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MINERAL CONCESSIONS GRANTED IN BURMA DURING 1937.*
The number of concessions granted during the year was 317, of which 178 were new prospecting licences, 93 were renewals of previously granted prospecting licences and 46 were mining leases. The total number of concessions held on the 31st December 1937 was 597, of which 276 were held under mining leases and 321 under prospecting licenses. Details regarding the number of concessions classified according to the minerals for which they were granted are given below:
(1) Issued during 1937
(2) Held on the 31st December 1937.
*Taken from "Report on the mineral production of Burma for the year 1937",
I. NATURE OF THE WESTERN MARGIN OF THE EASTERN GHATS
During the field seasons 1934-35 and 1935-36 I mapped a small
Sir L. L. Fermor desired me to visit this region partly because
Reasons for mapping.
to ascertain whether the western margin of the Eastern Ghats was here a fault. The belief that such was the case was very generally held. It had originated by a tentative suggestion of Walker (1902, p. 10). Middlemiss did not subscribe to this belief in his published work, but he made suggestions similar to Walker's in his unpublished progress report for 1902-03. The strongest evidence of a faulted boundary seems, however, to be the regular linear boundary between the crystallines and the charnockites shown on the 1 inch to 32 miles geological map of India.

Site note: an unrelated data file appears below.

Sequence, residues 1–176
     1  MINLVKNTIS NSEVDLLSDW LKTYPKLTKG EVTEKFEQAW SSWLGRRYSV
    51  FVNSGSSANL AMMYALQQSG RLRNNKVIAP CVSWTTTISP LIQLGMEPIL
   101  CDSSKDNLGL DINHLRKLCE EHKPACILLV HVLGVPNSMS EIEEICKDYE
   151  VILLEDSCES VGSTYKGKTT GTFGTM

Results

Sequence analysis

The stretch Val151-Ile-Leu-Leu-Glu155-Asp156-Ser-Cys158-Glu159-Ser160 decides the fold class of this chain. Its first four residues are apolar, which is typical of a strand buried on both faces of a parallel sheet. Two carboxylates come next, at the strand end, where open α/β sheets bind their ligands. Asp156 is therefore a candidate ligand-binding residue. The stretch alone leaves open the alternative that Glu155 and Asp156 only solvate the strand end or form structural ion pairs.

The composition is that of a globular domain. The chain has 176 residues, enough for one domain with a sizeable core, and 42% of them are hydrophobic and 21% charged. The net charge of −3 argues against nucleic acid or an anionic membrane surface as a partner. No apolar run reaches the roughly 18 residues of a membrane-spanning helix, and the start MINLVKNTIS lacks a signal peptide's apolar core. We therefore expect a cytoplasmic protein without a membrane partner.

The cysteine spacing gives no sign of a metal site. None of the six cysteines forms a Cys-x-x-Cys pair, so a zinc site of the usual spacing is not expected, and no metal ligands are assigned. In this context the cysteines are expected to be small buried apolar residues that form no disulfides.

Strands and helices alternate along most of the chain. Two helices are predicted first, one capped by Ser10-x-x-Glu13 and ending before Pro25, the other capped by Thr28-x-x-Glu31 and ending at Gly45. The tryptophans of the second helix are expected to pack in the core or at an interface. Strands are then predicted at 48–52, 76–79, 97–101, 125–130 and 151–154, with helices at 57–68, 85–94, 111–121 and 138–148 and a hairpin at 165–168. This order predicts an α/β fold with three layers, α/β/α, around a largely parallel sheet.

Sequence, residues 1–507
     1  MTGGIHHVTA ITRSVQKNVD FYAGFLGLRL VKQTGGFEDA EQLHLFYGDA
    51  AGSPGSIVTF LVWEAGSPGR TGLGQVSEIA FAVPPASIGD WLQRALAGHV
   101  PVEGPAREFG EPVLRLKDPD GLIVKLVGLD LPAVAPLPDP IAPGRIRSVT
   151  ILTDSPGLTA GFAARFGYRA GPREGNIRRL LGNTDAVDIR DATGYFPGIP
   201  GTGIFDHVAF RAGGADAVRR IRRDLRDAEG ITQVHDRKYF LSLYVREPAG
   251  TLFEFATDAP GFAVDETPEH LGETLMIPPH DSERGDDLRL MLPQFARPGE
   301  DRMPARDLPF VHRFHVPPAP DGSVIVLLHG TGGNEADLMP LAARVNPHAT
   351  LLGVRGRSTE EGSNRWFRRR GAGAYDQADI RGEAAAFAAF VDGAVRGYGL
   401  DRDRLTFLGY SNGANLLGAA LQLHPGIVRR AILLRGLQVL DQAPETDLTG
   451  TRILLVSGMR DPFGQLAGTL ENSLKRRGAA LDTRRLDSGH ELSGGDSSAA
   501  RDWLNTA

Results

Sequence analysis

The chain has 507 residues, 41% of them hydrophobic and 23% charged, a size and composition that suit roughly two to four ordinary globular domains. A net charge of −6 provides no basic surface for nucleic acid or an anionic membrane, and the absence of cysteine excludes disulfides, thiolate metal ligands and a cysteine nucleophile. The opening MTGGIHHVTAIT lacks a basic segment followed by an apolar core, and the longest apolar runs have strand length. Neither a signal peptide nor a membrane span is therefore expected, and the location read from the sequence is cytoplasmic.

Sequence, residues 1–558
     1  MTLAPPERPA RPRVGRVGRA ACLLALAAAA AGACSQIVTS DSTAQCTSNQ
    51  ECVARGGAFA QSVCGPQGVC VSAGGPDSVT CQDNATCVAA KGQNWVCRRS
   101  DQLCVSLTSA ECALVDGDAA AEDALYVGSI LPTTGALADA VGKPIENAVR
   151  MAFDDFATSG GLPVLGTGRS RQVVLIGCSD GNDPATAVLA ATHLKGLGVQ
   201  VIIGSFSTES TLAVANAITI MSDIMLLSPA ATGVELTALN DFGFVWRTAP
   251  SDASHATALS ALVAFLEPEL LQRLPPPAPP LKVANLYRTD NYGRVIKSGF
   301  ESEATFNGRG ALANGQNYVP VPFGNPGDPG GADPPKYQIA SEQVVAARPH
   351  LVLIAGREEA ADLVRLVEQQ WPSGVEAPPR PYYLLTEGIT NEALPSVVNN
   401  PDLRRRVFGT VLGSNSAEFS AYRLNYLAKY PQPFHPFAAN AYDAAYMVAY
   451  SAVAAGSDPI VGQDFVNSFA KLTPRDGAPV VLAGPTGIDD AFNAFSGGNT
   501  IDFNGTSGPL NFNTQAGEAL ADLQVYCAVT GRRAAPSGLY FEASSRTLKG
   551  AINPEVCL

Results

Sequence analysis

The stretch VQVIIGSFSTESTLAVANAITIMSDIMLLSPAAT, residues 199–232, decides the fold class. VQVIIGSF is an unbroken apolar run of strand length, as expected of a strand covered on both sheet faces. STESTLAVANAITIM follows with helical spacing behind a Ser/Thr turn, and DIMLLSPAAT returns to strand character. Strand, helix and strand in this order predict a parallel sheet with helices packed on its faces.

Such a fault, if the upthrow were to the east, might have raised the Eastern Ghats some thousands of feet, and an uplift of this nature would, according to Fermor (1935, p. 48), account for the relatively high grade of metamorphism met with in some of the rocks of this region.
In discussing the nature of the margin of the Eastern Ghats the views of earlier observers must be considered. Walker and Middlemiss are the only geologists who had visited this region before me. Of these two Walker's views are the more important because he mapped a large part of the boundary region. Middlemiss mapped for the most part further to the east and only made a few traverses as far west as the boundary.
In 1899 Walker mapped most of central Jeypore including the area immediately north of my map. In his published description of this area (1910, p. 171) he makes the following remarks about the charnockites and their boundary with the crystalline schists lying further to the
Views of earlier observers.
'I am inclined to regard these hypersthene rocks' (i.e., the charnockites) as forming a great igneous stock, though it would be very difficult to prove conclusively that this was the case'. Again he reports numerous small hills of the same lithological character as the large massif, not indicated in the accompanying geologically coloured map, lie like islands in the schist complex'.
The following is his description of the boundary
The actual contact with the crystalline schist is nowhere exposed and the boundaries of the islands as well as the main massif as marked on the geological map, are only approximate at best'. His map, however, showed that he thought the boundary an irregular